The communities of foreign merchants and often well-skilled newcomers were very well connected to their home regions and cities contributing to the constitution of Amsterdam at the center of global trade networks. It was the city where the first ‘modern’ stock exchange was established and the availability of capital pushed the Amsterdam and Dutch economy into a new phase of capitalism. The Dutch hegemony in the global slave trade soon made a significant contribution to the wealth of the city. The Burgerzaal of the seventeenth-century City Hall visualised the city’s bold ambition: Amsterdam as the center of a global (commercial)empire – the center of the universe.  From 1500 to 1700 Amsterdam grew from 12.000 to 200.000 inhabitants, mostly due to massive immigration. The city’s relatively tolerant intellectual climate contributed to an influx of – sometimes very wealthy – religious refugees as well as progressive/radical thinkers.Economics and politics were highly intertwinned. Economic interests and ambitions went hand in hand with political interests and ambitions. The public and the private were very much intertwined. How to govern such a rapidly expanding and very diverse city well? How did this impact existing local government practices? How to approach global trade and commercial activities stemming from and coming through Amsterdam? How did law and government support and contribute to the Amsterdam economy, and vice versa? How did the city governors deal with the risks, tensions and complications of a city and its people catapulted into a global existence? How did the city government approach Amsterdam’s immigration and diversity? What were the legal and institutional responses to the local and global challenges that came with globalisation and urbanisation in this 17th century city? The revolt against Spain ended ultimately in a quest for independence. But how to organise and govern a leading city of this emerging state? Where should sovereignty be vested? How did Amsterdam contribute to the position of The Dutch Republic on the international stage? The Dutch Republic developed into a (con)federalised state with powerful towns and Holland as the most urbanised province. Amsterdam – the rising metropolis of a rapidly expanding colonial Empire - was a city in need of new ideas, policies and institutions to govern at home and abroad. The global role of cities and city-based companies contributed to a normative discourse, which drew on different bodies of law, including (Dutch-)Roman law and the emerging law of nations and nature, ius gentium et naturale.   Slavery, trade, war, as well as discussions of religious toleration, justice and good government triggered legal questions and debates.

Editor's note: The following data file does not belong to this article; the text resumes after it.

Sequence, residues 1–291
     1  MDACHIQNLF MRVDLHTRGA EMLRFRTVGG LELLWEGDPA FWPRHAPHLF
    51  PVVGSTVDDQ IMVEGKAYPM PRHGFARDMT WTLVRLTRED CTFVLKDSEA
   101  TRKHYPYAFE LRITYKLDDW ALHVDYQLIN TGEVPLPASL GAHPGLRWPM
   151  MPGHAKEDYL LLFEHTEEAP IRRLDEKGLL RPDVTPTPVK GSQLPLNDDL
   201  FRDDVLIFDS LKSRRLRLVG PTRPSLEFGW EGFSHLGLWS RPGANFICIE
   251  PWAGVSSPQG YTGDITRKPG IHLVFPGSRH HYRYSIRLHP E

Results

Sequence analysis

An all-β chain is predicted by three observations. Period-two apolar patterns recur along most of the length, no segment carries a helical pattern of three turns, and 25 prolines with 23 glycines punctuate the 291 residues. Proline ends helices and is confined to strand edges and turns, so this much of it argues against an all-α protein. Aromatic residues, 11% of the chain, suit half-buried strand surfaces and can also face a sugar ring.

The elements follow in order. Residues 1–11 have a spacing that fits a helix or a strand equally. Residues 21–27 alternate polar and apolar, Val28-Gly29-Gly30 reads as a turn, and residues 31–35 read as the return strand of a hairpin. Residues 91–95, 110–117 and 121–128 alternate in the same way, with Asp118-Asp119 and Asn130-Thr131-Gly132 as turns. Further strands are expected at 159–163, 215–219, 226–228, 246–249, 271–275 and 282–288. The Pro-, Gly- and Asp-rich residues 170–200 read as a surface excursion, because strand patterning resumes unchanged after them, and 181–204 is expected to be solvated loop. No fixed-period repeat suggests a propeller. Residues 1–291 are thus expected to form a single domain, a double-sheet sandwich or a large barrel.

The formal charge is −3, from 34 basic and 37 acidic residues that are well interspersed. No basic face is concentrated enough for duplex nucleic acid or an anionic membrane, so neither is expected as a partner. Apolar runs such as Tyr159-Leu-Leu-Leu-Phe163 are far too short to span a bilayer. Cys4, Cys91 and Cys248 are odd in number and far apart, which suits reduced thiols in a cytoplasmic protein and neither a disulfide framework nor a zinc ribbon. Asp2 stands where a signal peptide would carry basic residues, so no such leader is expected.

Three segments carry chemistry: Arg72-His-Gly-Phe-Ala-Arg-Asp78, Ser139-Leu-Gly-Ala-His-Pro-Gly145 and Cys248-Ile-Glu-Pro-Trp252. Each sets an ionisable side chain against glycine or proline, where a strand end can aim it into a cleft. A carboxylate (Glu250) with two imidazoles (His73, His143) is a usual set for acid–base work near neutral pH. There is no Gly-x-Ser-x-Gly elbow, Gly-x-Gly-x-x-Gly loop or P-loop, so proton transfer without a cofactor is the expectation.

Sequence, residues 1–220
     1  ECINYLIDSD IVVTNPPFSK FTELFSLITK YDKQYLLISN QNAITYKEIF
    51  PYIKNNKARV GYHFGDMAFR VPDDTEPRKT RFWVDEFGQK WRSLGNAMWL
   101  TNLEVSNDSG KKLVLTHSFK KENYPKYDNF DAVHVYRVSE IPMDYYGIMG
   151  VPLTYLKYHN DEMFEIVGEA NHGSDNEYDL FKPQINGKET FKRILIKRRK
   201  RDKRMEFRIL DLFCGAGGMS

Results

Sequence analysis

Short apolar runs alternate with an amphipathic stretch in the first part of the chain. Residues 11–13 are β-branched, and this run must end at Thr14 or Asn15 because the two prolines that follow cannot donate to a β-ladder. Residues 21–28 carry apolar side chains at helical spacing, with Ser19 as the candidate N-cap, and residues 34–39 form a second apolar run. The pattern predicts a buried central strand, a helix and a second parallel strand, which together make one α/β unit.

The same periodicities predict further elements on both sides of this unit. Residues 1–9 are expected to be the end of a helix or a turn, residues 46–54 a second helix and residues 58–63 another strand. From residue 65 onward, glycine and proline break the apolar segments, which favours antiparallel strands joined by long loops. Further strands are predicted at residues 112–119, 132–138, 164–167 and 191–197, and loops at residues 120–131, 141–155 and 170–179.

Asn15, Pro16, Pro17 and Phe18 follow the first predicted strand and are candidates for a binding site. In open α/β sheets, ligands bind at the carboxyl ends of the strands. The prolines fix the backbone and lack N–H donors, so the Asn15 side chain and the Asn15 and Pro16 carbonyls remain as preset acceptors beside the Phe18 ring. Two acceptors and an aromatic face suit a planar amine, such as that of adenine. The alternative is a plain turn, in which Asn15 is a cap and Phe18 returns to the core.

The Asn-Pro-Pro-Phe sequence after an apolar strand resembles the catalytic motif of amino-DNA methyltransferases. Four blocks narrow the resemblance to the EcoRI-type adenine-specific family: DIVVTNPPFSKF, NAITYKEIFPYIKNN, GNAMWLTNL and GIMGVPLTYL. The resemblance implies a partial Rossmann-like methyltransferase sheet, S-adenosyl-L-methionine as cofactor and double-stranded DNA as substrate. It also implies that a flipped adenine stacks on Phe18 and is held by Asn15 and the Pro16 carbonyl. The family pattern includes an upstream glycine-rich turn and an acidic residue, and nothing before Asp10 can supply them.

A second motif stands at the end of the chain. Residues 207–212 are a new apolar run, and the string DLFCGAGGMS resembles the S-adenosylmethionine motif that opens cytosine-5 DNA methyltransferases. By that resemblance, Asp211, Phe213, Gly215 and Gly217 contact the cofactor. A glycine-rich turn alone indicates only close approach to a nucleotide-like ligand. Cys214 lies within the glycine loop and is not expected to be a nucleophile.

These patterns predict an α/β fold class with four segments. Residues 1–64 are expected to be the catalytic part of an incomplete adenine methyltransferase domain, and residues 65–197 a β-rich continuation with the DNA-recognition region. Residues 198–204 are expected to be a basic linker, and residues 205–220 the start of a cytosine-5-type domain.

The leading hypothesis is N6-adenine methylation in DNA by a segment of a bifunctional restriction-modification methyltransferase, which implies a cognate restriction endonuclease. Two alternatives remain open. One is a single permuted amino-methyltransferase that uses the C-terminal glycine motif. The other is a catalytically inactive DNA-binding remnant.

Against this background, this Call for Papers invites submissions engaging with the aforementioned questions and issues related to three themes:  I.  City of commerce and tradeII. City of immigration and diversity III. City of Innovative governance and law

Call for papers:

We call on scholars from legal history, history and theory of international law, urban history, as well as scholars from related disciplines, such as political philosophy, economic history, social history, history of ideas and intellectual history, history of slavery and empire, and migration studies, to send an abstract of circa 500-700 words setting out the prospective paper they would like to submit for inclusion in the symposium dealing with one of thethemes identified within the overarching topic of law and governance of Amsterdam in the 17th-century. 

Abstracts July1st, 2019
On the basis of the Abstracts we will select authors by September 1st, 2019.
Deadline First Draft March1st, 2020 Selected Authors’deadline for first draft.
Symposium June2020

In June 2020, a symposium will take place in Amsterdam to bring together the selected authors.
Co-donors / co-organisers: ERC-Project led by Dave De ruysscher (Tilburg University), ‘Coherence in Law Through Legal Scholarship’ ( ).Gieskes Strijbis-project led by Janne Nijman (Asser Institute/University of Amsterdam), ‘The Global City: Trust, Challenges, and the Role of Law’ ( ). VIDI-Project led by Bram van Hofstraeten (Maastricht University), ‘What's in a Name? Challenging Early Modern Ideal-Types of Private Partnerships in the Low Countries (17th-18th Centuries)’ ( )

All info can be found here